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a Historical Overview of the Japanese Pharmaceutical Industry

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1600-1868 Tokugawa Sogunate / Edo Period
The Tokugawa shoguns kept Japan free of foreign influence in order to keep out Christian missionaries who were seen as the scouts of the colonial powers. Foreigners were denied entry and Japanese were denied overseas travel at penalty of death. Only a small Dutch trading post near Nagasaki was authorized and allowed a tinly trickle of Western knowledge into Japan.
The resulting technological backwardness of the Japanese military was the reason why in 1853, Commodore Perry, with just a few modern ships, could force the country to open to trade with the United States. This shameful desacrated the Shogunate and triggered its fall a few years later.
A slow shift of wealth and power from the top of the social hierarchy, the aristocracy, to the bottom of the hierarchy, the merchant class, was already obvious in the late Edo time. Trading houses and producing industries brought wealth to the cities.
The first of today's pharmeceutial leaders were established as small family business in this period, mostly trading herbal medicine.
1868-1912 Meiji Period
Emperoro Meiji and the politicians behind him who took power implemented nothing short of a cultural revolution: A rapid and comprehensive Westernization of politics, social life and the sciences (medical, in particular). Rapid industrialization and thurst for raw materials lead to the domination of the military and a series of expansionary wars (1904-05 Russian war, 1910 annexation of Korea, 1914 entry into world war 1, 1937 war with China (Mandshuria), 1941 Pearl Harbor). World war 2 left Japan devastated by American bombs, 1945.
The medicine traders turned to importing new drugs and, step by step, build production plants to manufacture generic drugs.
1946-today Post War
The American occupation aims to build a democratic and prosperous country in order to gain an ally against communist Russia. Under the LDP (liberal democratic party), Japan managed to industrialize, first immitating the West in the 1970s, then taking over the lead in the electronics and other industries in the 1980s. The 1990s were characterized by a stubborn stuckness of the political and financial system. There are voices which say that the LDP is too bogged down between old interests and obligation to be able to turn around and give the country the overhaul it needs to become innovative again. Parts of the LDP now seem to be genuinely willing to implement painful reforms. As the LDP is unlikely to lose elections very soon, we are now witnessing the attempt of a political turnaround by the party in power.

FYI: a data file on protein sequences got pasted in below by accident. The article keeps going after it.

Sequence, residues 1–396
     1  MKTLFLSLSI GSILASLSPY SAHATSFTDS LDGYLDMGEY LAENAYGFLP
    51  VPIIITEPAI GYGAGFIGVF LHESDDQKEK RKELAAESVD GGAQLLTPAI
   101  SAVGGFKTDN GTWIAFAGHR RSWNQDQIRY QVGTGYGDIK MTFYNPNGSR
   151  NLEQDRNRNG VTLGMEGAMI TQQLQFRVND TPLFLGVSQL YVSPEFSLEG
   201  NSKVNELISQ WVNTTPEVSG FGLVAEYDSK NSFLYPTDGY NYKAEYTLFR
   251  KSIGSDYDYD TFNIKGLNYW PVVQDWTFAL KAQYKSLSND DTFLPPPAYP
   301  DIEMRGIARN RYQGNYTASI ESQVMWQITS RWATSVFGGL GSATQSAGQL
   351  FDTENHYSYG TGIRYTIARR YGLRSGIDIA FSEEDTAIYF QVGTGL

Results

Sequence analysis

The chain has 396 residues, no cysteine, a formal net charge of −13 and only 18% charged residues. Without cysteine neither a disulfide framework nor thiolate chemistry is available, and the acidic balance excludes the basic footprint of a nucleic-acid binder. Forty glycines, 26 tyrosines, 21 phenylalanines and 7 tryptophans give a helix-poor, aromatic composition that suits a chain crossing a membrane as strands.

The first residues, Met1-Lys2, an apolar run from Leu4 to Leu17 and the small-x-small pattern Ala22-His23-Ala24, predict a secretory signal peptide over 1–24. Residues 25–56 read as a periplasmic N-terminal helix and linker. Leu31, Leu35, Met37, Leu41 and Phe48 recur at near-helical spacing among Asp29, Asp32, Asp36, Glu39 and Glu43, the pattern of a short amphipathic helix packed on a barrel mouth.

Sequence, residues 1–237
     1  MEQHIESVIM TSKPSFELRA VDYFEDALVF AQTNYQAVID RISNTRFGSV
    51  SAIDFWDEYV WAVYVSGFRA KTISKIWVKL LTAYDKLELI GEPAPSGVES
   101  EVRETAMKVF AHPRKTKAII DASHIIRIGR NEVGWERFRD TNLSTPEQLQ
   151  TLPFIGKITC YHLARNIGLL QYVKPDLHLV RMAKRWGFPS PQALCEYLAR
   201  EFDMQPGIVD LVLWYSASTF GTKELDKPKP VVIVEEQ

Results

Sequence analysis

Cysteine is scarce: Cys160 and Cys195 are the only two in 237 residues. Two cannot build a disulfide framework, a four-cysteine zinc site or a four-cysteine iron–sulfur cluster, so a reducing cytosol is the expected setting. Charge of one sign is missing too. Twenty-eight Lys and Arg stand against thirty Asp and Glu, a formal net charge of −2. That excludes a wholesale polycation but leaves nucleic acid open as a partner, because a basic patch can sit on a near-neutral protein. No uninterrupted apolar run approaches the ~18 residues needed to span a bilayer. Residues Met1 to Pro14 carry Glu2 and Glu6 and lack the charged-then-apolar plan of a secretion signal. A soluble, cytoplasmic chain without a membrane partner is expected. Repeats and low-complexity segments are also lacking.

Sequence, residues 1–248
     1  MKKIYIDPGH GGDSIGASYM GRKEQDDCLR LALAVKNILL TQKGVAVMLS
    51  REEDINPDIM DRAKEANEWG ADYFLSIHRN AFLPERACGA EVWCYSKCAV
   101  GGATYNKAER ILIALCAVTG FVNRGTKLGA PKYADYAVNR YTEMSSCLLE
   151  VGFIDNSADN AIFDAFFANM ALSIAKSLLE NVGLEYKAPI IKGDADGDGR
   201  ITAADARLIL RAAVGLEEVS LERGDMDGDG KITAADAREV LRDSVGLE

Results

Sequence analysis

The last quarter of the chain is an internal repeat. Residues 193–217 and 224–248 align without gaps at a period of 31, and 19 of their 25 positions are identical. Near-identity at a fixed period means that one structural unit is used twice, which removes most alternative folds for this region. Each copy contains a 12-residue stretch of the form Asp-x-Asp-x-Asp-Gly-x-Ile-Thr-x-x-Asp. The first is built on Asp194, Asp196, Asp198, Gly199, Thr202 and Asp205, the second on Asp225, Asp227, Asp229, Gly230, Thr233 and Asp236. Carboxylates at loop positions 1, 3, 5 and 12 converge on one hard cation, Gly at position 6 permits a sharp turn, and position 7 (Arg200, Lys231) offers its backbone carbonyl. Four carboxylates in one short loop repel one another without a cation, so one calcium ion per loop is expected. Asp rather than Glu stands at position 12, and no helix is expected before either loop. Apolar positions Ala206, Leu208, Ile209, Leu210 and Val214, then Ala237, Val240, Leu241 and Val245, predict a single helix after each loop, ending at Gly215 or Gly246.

In the somewhat malnurished post-war Japan, vitamins became a cornerstone of the pharmaceutical production. While the emphasis remained on generic drugs, Japanese companies soon started to install their own research centers and, step by step, to develop original and innovative drugs. Fermentation technology and microbiology became a particular strongpoint of the Japanese food and drug industry and remained so until today. Proprietary R&D gained momentum over generica production particularly in the 1980s and gave rise to voices calling for appropriate protection of intellectual property. Accordingly, the patent laws were brought up to international standards in 1993.
While globally competitive industries became open to the global market, pharma remained closed and protected. A generous national health insurance bestowed large profits on the pharmaceutical firms which were stacked away in the banks and make a precious warchest which is waiting to be used today to invest into new technologies and globalization. With a huge but shrinking pharmaceutical market (due to budget reductions in the national health insurance) and intensifying competition, Japanese companies have realized that they must quickly learn to play the global game: They have departed from their generalist approach and are strengthening their core competence and their global reach. M&A activity is high in Japan and across borders.


Some companies have English information on their corporate history. A few are well done and, with the above dates in mind, should give you a feeling of the general history of the industry. Other companies provide bare tables of numbers.

(in order of company size)

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Oct. 21, 2001 by Armin Rump